It’s probably one of the last phrases you want to hear from your kids. Too often, our kids expect us to serve as cruise director for them and keep them entertained at all times. What if we turned the tables and got them involved in the planning of family activities?
Want your kids to learn how to combat boredom and create meaningful family experiences? Check out this “Parenting Strategies to Kid Habits” video about creating Family “Bucket Lists.”
Yes, and: An Additive Approach to Brainstorming with Kids
When trying to get ideas for activities from your kids, focus on getting as many ideas out. Don’t worry about quality; focus on quantity. Using a “Yes, and” strategy with this will help. “Yes, and” works by creating a norm where each answer is followed by “Yes, and” rather than a list of reasons why a particular idea won’t work. For example, if one child says, “I want to go horseback riding,” typical brainstorming will have you start on a tangent about why horseback riding would be a problem. Instead, you can respond with “Yes, and I’d like to ride a pony” or “Yes, and I’d like to ride a horse on a carousel.” This adds to the process rather than subtracting from it.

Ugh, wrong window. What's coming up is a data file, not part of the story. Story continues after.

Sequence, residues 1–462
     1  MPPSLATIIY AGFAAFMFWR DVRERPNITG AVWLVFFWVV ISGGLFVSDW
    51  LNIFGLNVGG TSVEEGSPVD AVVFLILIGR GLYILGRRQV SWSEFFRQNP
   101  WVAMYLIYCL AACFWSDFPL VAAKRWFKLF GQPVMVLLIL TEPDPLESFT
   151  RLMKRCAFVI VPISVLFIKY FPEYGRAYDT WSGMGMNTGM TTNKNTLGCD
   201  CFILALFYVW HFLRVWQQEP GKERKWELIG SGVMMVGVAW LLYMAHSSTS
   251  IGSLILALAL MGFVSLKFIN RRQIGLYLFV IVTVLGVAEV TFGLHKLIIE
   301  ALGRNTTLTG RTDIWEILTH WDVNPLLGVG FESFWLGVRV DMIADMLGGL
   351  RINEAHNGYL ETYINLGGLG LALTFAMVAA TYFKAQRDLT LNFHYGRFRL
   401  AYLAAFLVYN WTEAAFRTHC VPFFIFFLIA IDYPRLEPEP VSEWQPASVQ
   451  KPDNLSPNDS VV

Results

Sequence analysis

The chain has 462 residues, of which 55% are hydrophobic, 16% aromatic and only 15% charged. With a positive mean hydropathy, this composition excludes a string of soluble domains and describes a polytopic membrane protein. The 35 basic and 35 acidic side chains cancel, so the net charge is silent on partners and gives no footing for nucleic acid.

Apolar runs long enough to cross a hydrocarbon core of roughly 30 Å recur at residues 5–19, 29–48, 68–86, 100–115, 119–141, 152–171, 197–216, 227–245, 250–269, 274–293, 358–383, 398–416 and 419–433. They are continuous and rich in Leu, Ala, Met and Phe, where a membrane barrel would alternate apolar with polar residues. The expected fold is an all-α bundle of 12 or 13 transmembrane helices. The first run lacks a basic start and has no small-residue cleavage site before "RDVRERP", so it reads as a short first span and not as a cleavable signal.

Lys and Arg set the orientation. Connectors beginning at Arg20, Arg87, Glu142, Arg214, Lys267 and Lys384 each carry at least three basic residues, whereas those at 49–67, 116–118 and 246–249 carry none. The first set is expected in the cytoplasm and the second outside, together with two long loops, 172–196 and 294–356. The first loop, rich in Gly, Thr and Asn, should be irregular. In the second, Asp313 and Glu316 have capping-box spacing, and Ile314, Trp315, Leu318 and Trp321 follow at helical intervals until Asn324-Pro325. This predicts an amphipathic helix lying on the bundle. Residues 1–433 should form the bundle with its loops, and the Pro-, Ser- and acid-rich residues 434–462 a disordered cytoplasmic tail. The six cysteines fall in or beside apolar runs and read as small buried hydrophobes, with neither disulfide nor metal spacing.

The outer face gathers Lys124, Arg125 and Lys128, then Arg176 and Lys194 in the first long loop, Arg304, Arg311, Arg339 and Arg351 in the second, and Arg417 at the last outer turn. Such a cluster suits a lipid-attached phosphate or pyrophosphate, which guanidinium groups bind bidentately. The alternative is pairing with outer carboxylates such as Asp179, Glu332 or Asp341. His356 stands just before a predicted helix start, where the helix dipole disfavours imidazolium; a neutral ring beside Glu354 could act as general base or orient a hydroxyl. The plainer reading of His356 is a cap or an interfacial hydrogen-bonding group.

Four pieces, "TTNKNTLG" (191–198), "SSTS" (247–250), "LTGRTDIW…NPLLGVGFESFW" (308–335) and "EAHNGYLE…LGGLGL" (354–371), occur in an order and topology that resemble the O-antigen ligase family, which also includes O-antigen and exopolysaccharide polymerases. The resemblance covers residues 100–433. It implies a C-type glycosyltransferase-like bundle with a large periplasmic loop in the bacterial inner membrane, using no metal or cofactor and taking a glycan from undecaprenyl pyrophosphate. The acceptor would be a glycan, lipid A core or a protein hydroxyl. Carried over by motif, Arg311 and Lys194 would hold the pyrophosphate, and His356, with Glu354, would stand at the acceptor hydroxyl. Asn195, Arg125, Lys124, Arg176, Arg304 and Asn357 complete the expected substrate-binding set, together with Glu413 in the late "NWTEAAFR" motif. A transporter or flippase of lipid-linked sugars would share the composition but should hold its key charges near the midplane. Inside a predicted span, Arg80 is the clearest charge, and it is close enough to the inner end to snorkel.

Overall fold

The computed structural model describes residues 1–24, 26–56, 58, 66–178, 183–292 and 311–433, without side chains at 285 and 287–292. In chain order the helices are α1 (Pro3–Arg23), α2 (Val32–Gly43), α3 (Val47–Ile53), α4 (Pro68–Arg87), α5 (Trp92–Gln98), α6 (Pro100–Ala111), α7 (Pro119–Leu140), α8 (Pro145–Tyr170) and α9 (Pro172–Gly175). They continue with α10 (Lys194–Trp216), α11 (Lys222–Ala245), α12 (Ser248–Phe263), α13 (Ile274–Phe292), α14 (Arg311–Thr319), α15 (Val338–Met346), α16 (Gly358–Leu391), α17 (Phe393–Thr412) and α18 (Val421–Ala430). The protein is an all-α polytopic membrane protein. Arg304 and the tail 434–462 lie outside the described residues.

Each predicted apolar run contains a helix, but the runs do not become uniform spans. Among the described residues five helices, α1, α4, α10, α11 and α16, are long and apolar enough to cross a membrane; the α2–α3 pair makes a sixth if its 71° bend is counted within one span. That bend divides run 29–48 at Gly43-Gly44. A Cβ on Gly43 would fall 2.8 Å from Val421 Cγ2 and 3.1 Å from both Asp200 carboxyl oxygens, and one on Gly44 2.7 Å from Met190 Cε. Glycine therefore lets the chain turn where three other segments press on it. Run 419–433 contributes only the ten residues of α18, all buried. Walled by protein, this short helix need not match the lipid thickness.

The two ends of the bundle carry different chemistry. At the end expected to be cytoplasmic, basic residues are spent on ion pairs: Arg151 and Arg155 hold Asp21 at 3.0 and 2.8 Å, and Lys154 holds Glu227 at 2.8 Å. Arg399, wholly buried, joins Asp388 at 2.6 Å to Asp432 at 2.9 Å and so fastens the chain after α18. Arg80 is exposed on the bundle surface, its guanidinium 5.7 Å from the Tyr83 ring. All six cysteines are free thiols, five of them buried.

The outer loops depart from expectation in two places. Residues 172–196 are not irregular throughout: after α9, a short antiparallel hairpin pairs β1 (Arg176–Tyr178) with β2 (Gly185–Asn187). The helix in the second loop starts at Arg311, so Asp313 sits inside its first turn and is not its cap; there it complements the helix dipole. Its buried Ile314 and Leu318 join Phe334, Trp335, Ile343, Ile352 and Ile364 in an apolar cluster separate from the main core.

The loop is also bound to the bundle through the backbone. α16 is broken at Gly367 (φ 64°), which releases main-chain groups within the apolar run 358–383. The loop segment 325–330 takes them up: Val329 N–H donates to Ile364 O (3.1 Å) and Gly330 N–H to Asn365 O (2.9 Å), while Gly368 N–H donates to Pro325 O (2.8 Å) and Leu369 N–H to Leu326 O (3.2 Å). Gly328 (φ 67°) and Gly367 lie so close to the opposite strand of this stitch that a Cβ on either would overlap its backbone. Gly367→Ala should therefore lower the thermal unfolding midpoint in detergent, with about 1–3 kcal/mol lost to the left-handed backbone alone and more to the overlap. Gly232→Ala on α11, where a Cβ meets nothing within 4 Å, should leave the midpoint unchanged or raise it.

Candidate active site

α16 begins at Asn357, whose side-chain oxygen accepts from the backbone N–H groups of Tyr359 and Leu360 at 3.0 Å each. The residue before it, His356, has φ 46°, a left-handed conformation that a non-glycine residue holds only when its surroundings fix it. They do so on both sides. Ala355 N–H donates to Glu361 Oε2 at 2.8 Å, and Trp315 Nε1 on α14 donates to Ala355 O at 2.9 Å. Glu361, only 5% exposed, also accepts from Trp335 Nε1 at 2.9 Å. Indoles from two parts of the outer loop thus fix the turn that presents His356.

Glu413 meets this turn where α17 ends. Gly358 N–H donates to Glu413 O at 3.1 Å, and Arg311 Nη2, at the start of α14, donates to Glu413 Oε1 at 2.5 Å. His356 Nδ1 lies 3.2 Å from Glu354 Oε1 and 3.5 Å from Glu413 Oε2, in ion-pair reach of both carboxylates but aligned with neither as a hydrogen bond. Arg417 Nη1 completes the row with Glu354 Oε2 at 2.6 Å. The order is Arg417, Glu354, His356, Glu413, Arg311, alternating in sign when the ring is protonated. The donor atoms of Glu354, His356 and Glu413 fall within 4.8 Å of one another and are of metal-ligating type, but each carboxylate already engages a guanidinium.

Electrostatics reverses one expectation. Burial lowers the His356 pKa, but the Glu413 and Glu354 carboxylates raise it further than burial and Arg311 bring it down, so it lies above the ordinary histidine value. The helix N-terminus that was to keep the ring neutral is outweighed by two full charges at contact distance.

4 Steps to Help You When Your Kids Say They Are Bored
Great Activities for Kids Stuck in the House – a Pinterest board
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